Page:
The Holy Spirit is an elusive enigma. The Holy Spirit – one of three different yet same incarnations of the one true God (dwell on that paradoxical nonsense for a moment) – is a central figure in the Christian Holy Trinity; it is an entity which all Christians are said to possess. Yet, it’s presence and physical properties conveniently and mysteriously escape the detection of modern scientific methods and instruments. It reminds me of the dragon story in Carl Sagan’s classic, The Demon-Haunted World – Science as a Candle in the Dark. To paraphrase the story:
Imagine I say to you that I have a real live dragon in my garage – surely you’d want to see it for yourself. What an opportunity, you think, to see a dragon, of which have been the stories of legends over the centuries, but has left no evidence.
“Show me,” you say, and I lead you to my garage. You look inside and see some bags of sand, cans of spray paint, some interesting goggles, and other items in my garage, but no dragon.
“Where’s the dragon?” you ask.
“Right here.” I reply, waving vaguely. “I neglected to mention the dragon is invisible.”
Hmm, you think. You propose spreading some sand on the floor of the garage to capture the dragon’s footprints.
“Good idea.” I say, “but this is also a floating dragon.”
Well then you’ll use those infrared sensor googles over there to detect the invisible fire.
“Good idea, but the invisible fire is also heatless.”
Ok, so you’ll spray paint the dragon to make it visible.
“Good idea, but it’s an incorporeal dragon and the paint won’t stick. And so on. And so on. And so on. I counter every physical test you propose with a special explanation of why it won’t work.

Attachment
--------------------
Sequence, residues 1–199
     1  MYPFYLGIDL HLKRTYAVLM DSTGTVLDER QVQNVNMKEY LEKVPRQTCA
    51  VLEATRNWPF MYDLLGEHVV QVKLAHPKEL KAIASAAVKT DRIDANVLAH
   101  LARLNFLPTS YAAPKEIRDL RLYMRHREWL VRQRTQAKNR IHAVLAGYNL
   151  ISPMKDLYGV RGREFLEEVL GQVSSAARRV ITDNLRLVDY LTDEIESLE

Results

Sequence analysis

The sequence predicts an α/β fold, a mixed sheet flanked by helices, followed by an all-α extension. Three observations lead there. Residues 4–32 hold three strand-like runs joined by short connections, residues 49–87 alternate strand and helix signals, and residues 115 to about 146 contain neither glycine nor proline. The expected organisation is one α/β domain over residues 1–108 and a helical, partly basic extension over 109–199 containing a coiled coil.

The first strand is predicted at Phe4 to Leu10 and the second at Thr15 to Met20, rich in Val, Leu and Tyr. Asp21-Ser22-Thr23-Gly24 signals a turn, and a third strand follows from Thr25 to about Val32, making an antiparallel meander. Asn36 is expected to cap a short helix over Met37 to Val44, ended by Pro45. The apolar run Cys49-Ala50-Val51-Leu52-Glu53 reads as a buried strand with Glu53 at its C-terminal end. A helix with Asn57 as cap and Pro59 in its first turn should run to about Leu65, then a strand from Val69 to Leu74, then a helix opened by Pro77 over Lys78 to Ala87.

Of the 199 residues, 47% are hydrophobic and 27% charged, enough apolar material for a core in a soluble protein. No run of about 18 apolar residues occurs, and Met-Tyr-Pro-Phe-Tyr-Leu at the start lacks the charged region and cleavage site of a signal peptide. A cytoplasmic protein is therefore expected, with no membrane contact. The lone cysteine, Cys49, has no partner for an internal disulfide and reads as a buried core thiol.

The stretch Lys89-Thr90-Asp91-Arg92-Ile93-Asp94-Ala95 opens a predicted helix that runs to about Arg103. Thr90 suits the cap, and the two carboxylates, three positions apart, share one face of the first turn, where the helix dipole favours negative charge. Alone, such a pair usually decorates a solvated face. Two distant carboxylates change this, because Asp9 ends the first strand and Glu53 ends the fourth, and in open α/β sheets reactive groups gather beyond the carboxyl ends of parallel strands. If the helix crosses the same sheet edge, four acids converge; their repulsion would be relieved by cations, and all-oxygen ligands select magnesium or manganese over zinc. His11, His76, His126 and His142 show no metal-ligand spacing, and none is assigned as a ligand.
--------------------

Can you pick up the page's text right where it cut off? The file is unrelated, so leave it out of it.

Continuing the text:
Now let me ask you this. What is the difference between an invisible, incorporeal, floating dragon who spits heatless fire and no dragon at all? If there’s no way to disprove my dragon proposition, no conceivable experiment that would count against it, what does it mean to say that my dragon exists?
Maybe, the only thing that you have really learned from my insistence that there’s a dragon in my garage is that there is something funny going on inside my head. Maybe you’d also wonder, if there are no physical tests that apply – nothing to show its mass, nothing to show its heat, nothing to show its chemistry – then what convinced me of the dragon’s existence in the first place?
The analogy between my dragon and the Holy Spirit should be clear at this point. If the Holy Spirit resides within us, then we should be able to test for it. We should, for example, be able to turn to the index of any biology textbook and reference the Holy Spirit just like we can for proteins, enzymes, neurotransmitters, DNA, ATP, lipids, the biochemistry of muscle fibers, the chemistry and structure of cells, the mechanisms of the nervous system, and on and on and on.
Until we can have any verifiable evidence of its existence it is safe to say that the Holy Spirit is imaginary.
Further reading: Science as a Candle in the Dark by Carl Sagan